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ORIGINAL ARTICLE
Year : 2013  |  Volume : 2  |  Issue : 4  |  Page : 145-150

Medication reconciliation and prescribing reviews by pharmacy technicians in a geriatric ward


1 Department of Clinical Pharmacy; Department of Clinical Pharmacy, Hospitals Unit for Quality Assurance of Medicines Use, Odense University Hospital, Odense, Denmark
2 Department of Geriatric Medicine, Odense University Hospital, Odense, Denmark
3 Department of Clinical Pharmacy, Hospitals Unit for Quality Assurance of Medicines Use, Odense University Hospital; Clinical pharmacology, Institute of Public Health, University of Southern Denmark, Odense, Denmark

Correspondence Address:
Thomas Croft Buck
Department of Clinical Pharmacy; Department of Clinical Pharmacy, Hospitals Unit for Quality Assurance of Medicines Use, Odense University Hospital, Odense
Denmark
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Source of Support: None, Conflict of Interest: None


DOI: 10.4103/2279-042X.128143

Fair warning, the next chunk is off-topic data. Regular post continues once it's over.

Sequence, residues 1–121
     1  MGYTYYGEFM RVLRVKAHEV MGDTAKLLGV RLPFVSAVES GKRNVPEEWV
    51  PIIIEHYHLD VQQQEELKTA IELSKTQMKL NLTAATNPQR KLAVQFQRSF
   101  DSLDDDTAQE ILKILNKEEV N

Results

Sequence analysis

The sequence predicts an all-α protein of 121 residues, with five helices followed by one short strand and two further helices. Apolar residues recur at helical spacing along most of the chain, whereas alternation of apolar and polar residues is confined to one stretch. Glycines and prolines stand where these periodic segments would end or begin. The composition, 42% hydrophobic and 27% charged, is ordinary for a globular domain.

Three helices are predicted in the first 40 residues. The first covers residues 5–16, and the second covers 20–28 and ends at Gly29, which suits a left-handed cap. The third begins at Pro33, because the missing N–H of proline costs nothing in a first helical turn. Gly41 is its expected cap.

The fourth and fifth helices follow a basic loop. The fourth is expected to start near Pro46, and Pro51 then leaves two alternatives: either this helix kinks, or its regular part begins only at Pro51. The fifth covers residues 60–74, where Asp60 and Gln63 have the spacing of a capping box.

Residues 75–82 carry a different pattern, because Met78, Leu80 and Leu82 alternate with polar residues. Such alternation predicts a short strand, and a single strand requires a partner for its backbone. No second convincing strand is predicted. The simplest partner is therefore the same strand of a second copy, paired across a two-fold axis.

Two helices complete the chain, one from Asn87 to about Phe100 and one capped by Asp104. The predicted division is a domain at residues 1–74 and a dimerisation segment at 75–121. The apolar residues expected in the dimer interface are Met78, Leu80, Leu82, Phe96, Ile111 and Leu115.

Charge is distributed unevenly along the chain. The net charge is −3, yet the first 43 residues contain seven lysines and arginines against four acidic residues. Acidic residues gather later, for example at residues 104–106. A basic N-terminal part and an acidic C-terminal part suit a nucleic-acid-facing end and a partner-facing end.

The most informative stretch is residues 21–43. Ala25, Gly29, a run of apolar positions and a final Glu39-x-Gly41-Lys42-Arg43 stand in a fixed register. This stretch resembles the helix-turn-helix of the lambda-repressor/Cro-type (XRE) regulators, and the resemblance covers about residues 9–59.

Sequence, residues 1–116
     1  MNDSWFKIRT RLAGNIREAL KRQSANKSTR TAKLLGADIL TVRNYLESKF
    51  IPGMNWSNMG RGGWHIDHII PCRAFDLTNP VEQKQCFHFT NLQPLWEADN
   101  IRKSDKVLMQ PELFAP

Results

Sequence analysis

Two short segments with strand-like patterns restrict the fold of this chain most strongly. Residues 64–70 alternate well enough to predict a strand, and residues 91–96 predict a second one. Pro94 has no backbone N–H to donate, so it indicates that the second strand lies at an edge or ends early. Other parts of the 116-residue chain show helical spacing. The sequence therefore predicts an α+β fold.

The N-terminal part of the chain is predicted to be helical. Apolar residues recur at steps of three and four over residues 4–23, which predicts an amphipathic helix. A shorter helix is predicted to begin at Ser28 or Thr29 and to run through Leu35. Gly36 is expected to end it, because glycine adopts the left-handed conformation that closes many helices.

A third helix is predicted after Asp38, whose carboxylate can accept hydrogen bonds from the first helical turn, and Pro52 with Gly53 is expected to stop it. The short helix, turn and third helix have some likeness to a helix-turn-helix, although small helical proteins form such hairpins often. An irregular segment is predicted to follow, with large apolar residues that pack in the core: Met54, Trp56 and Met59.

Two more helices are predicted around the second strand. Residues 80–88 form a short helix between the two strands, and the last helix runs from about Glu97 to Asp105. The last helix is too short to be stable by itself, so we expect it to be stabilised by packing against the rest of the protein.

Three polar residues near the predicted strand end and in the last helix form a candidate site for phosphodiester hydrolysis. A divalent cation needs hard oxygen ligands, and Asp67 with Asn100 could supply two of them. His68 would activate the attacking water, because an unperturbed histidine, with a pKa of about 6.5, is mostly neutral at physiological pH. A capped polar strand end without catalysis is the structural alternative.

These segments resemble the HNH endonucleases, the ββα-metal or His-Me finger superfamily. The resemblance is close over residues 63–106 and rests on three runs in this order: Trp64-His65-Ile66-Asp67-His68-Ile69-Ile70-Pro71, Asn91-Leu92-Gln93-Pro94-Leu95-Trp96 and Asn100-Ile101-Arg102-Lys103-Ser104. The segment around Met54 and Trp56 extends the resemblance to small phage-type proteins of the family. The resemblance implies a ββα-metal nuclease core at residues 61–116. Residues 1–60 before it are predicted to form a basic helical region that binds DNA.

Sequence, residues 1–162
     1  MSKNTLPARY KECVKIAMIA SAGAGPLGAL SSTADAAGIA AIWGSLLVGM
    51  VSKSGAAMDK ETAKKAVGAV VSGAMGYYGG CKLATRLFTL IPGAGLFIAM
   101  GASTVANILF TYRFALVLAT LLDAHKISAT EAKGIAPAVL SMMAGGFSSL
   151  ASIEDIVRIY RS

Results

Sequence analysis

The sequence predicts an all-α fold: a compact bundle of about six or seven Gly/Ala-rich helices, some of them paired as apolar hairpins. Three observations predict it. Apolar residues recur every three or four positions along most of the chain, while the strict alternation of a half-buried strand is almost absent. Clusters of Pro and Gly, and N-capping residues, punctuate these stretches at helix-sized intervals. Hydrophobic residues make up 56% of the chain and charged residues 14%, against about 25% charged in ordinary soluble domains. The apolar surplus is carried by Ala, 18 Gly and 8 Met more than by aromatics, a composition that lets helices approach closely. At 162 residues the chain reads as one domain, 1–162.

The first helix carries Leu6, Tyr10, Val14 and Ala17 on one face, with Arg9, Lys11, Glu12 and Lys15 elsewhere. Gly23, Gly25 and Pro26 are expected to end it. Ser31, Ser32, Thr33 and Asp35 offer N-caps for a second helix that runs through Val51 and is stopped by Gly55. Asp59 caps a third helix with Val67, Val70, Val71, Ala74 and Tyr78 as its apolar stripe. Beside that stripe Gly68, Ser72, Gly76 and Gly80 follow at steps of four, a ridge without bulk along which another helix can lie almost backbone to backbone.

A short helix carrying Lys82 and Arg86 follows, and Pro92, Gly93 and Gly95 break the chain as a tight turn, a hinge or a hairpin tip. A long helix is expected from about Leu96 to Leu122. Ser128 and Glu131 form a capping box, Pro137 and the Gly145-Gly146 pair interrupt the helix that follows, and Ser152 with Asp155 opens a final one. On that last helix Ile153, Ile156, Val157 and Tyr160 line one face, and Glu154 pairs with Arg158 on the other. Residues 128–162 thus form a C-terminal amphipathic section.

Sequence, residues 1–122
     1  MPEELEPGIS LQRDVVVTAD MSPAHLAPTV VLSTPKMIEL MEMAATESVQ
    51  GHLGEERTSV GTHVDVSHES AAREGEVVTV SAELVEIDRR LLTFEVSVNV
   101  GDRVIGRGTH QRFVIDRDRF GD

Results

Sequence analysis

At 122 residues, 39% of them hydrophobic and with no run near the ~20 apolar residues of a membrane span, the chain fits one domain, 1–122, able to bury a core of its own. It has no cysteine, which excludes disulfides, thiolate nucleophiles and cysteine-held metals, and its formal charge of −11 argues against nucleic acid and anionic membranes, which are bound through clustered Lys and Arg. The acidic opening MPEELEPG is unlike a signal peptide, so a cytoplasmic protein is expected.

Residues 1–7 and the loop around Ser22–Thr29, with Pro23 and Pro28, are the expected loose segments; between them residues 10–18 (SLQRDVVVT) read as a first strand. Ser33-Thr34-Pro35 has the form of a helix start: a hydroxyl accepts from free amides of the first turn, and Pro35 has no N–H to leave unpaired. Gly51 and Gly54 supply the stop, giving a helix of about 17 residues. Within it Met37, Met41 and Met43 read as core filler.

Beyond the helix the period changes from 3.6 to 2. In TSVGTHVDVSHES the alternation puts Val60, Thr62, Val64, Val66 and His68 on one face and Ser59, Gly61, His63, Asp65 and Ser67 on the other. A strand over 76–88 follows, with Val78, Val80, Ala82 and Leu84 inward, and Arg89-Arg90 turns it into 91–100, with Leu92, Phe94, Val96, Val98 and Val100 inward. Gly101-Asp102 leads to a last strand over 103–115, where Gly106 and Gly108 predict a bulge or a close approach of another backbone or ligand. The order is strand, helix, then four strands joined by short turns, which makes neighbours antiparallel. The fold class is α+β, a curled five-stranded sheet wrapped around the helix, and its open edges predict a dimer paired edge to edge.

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Objective: Incomplete medication histories obtained on hospital admission are responsible for more than 25% of prescribing errors. This study aimed to evaluate whether pharmacy technicians can assist hospital physicians' in obtaining medication histories by performing medication reconciliation and prescribing reviews. A secondary aim was to evaluate whether the interventions made by pharmacy technicians could reduce the time spent by the nurses on administration of medications to the patients. Methods: This observational study was conducted over a 7 week period in the geriatric ward at Odense University Hospital, Denmark. Two pharmacy technicians conducted medication reconciliation and prescribing reviews at the time of patients' admission to the ward. The reviews were conducted according to standard operating procedures developed by a clinical pharmacist and approved by the Head of the Geriatric Department. Findings: In total, 629 discrepancies were detected during the conducted medication reconciliations, in average 3 for each patient. About 45% of the prescribing discrepancies were accepted and corrected by the physicians. "Medication omission" was the most frequently detected discrepancy (46% of total). During the prescribing reviews, a total of 860 prescription errors were detected, approximately one per medication review. Almost all of the detected prescription errors were later accepted and/or corrected by the physicians. "Dosage and time interval errors" were the most frequently detected error (48% of total). The time used by nurses for administration of medicines was reduced in the study period. Conclusion: This study suggests that pharmacy technicians can contribute to a substantial reduction in medication discrepancies in acutely admitted patients by performing medication reconciliation and focused medication reviews. Further randomized, controlled studies including a larger number of patients are required to elucidate whether these observations are of significance and of importance for securing patient safety.


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